Transcript for ‘What ringers wear’

Transcribed by Emily Watts

ELIZABETH: A lady ringer at a ten bell tower, wearing a long floaty skirt. Suddenly, the rope catches the hem and her skirt goes over her head. The chap opposite is so taken aback by the sight of a white petticoat that he misses his sally.

[Bells ringing rounds]

CATHY: Hello. This is the Fun with Bells podcast and I’m Cathy Booth. In this episode we’re going to learn about what ringers should and shouldn’t wear, including some cautionary tales. First there’s a story from Deb Margason-Baker, and then I interview Alex Linton who tells us about his experiences. Next, it’s Elizabeth Johnson, who tells us about what you need to consider when deciding what to wear at the tower. And finally, Michaela Nadal, who tells us about fashion through the ages and how that has affected ringing. First is a story from Deb M.B.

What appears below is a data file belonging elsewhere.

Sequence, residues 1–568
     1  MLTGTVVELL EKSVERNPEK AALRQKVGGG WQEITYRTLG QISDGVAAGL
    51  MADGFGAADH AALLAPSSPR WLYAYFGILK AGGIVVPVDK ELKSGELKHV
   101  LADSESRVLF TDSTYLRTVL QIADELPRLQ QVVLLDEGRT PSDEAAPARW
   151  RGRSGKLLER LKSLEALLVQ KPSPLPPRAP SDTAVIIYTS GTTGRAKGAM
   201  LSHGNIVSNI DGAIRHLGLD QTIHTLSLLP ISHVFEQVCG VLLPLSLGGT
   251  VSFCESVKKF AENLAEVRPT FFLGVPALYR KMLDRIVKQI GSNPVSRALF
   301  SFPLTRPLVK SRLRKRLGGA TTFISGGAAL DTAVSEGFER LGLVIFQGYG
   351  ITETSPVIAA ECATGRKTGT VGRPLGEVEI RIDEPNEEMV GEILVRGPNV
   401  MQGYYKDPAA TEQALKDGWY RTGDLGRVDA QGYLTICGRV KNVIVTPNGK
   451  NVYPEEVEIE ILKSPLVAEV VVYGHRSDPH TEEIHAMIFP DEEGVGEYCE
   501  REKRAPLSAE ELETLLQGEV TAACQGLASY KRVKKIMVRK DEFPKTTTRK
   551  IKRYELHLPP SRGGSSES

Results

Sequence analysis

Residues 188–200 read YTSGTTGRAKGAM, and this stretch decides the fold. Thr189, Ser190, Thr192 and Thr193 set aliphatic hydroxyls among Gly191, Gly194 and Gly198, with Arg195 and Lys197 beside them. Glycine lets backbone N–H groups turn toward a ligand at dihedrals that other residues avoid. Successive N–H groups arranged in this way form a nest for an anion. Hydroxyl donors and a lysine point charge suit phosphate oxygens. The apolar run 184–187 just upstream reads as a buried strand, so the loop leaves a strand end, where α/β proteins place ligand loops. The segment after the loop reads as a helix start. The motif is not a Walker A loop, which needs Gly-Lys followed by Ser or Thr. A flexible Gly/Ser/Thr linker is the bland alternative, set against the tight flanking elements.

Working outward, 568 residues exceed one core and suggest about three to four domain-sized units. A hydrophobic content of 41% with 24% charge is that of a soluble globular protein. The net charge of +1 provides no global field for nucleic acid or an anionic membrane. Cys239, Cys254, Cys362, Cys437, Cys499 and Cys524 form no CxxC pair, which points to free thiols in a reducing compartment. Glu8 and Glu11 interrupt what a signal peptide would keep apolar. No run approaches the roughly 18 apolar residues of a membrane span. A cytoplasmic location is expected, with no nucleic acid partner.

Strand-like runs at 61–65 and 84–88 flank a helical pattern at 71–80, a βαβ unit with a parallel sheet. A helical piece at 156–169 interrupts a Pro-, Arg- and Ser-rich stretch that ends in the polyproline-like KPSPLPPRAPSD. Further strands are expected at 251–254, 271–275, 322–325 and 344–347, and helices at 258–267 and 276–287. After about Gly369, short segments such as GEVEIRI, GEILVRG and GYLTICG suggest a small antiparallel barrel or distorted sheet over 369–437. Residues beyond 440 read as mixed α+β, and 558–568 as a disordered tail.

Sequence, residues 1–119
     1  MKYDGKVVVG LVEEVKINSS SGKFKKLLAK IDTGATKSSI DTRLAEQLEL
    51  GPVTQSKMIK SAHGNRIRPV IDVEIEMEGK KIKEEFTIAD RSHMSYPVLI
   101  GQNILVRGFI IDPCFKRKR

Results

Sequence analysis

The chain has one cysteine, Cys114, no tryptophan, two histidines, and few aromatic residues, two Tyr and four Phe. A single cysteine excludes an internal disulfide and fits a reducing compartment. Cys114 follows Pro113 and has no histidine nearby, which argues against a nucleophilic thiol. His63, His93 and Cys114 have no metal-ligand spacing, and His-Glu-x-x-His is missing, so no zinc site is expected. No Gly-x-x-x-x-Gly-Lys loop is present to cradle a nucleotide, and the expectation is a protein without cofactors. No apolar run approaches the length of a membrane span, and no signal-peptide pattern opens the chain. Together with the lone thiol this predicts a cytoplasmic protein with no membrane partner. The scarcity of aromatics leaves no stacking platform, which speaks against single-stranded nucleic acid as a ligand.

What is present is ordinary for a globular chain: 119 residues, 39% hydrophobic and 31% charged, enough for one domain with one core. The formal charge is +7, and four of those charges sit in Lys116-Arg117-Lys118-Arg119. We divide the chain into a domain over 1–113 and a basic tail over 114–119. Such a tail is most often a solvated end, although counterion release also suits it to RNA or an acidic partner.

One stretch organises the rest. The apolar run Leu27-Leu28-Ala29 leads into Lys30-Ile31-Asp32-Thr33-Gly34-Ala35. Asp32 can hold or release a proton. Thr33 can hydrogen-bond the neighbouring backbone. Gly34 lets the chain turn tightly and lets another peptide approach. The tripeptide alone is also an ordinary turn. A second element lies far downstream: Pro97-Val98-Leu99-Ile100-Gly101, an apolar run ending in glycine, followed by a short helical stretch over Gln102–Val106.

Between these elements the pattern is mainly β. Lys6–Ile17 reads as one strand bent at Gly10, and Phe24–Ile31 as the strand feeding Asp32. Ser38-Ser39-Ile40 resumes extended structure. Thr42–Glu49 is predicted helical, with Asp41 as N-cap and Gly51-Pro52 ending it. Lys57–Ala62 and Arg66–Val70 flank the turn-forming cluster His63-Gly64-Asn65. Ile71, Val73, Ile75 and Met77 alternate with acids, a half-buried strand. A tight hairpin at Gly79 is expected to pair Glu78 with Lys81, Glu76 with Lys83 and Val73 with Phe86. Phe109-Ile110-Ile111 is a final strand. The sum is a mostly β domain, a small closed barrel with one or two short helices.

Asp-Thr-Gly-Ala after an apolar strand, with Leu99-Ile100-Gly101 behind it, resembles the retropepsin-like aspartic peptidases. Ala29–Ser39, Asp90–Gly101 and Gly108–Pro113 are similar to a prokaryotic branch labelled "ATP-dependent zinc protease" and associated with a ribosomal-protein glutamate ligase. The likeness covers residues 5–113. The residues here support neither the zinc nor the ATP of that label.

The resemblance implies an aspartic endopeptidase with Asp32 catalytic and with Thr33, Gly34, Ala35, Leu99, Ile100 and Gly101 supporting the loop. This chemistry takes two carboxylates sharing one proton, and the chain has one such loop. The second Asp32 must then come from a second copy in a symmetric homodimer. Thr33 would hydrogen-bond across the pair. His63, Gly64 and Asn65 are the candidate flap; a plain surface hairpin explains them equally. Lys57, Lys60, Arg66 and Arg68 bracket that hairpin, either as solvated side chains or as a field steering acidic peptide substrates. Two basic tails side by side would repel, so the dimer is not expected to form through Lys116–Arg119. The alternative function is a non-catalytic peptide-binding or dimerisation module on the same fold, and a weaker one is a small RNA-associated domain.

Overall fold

DEB: A while back now and on a practice night, I wore hip hugging trousers and also they had a crisscross lace instead of a zip. I volunteered to ring our tenor. I think it was for a practice for a quarter. It all started off well enough, but gradually I became aware of my trousers loosening and when I looked down, the rope had very cleverly flipped the lace and undone it. And with every hand and backstroke my trousers were making their way southwards. I clamped my knees together, which only slowed their progress and to be honest made me look like I needed a comfort break. I looked to the closest ringer, Barry, who saw my panic, ran over, and after I’d quickly explained my trousers were hanging off my hips bravely stood behind me, grabbed my belt hoops each side, and held them up until the end of the method. Not sure many of the other ringers could see for tears of laughter by then anyway, but my blushes had been spared.

CATHY: Thanks to Deb for sending in this story. Next, I interviewed Alex J. Linton. Alex, tell me a little bit about yourself.